Sunday, 16 January 2011


There are two subjects which I have not yet touched on in my journey around the British coast, but which are particularly relevant to Cornwall: the plethora of shipwrecks off the coast, and the bravery of the local lifeboat men sent to deal with the aftermath of ships coming to grief off these treacherous waters. Cornwall has played host over the years to so many shipwrecks that a map of Cornwall has been produced, with the shipwrecks covering almost every inch of the coastline. As to the lifeboat crews, one can only look on in awe at the bravery of these men who voluntarily risk their lives to save others who stray into their territory and get into difficulties, accidentally or otherwise. On a bad day, lives are lost not only among the ship needing help, but among the lifeboat men themselves. One of the most tragic examples of such an event was immortalised by Seth Lakeman in his song Soloman Browne, about the Penlee lifeboat tragedy of 1981 in which all hands died, both on the stricken vessel, the Union Star, and the Solomon Browne, the lifeboat sent to its rescue. On a good day, both resuers and rescued get off lightly.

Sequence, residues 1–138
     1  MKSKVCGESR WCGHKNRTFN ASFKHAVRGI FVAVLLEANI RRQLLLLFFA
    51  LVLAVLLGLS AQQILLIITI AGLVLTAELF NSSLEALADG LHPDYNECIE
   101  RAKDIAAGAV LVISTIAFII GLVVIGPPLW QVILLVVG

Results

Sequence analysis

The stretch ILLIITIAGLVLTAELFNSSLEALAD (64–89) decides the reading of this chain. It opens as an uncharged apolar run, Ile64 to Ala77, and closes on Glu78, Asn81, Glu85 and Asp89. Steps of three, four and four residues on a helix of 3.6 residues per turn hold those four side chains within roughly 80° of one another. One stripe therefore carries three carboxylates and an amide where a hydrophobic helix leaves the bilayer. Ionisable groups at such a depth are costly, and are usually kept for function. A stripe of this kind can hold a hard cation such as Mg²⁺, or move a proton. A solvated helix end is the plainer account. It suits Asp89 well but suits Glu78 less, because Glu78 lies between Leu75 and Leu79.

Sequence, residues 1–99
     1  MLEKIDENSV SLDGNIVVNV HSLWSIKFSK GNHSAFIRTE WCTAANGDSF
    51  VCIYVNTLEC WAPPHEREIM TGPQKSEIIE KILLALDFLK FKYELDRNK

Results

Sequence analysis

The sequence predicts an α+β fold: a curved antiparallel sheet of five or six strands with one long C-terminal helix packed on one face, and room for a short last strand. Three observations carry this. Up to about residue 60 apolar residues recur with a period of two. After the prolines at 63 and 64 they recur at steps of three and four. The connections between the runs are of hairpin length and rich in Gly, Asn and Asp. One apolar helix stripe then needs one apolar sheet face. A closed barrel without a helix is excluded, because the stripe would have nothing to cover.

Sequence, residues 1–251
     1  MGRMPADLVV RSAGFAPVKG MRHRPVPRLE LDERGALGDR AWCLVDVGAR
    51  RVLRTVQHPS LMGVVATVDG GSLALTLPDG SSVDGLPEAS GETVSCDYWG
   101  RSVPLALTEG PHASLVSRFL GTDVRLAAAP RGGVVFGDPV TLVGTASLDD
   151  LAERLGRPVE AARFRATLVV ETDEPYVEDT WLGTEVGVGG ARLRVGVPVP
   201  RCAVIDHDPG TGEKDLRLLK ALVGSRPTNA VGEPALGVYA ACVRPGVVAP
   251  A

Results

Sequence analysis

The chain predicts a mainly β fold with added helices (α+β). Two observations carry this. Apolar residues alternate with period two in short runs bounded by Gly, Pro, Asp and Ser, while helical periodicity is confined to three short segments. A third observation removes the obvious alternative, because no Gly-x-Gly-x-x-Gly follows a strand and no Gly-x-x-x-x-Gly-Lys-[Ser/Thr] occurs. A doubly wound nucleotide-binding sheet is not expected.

This was the case in 1911, when the Norwegian barque Saluto, on its way to Barbados, got into difficulties off the isles of Scillies. The Captain wisely decided to head for Falmouth, but on the way there came to grief off Cudden Point near Perranuthnoe. However, help was at hand in the form of the Newlyn lifeboat Elizabeth and Blanche, which carried out the rescue which such military precision that the operation was completed in an hour and a half, watched by an appreciative crowd of onlookers.

Today, Perranuthnoe is a relatively unspoilt spot on the Cornish coast, affording a view of St Michaels Mount from a different angle from the well-worn one used in tourist promotions. The area around the village is fascinating to students of prehistory. The names of the fields surrounding the village suggest Bronze Age and Roman settlement.

Map of the area.

Towards Perranuthnoephoto © 2009 Gordon Plant | more info (via: Wylio)

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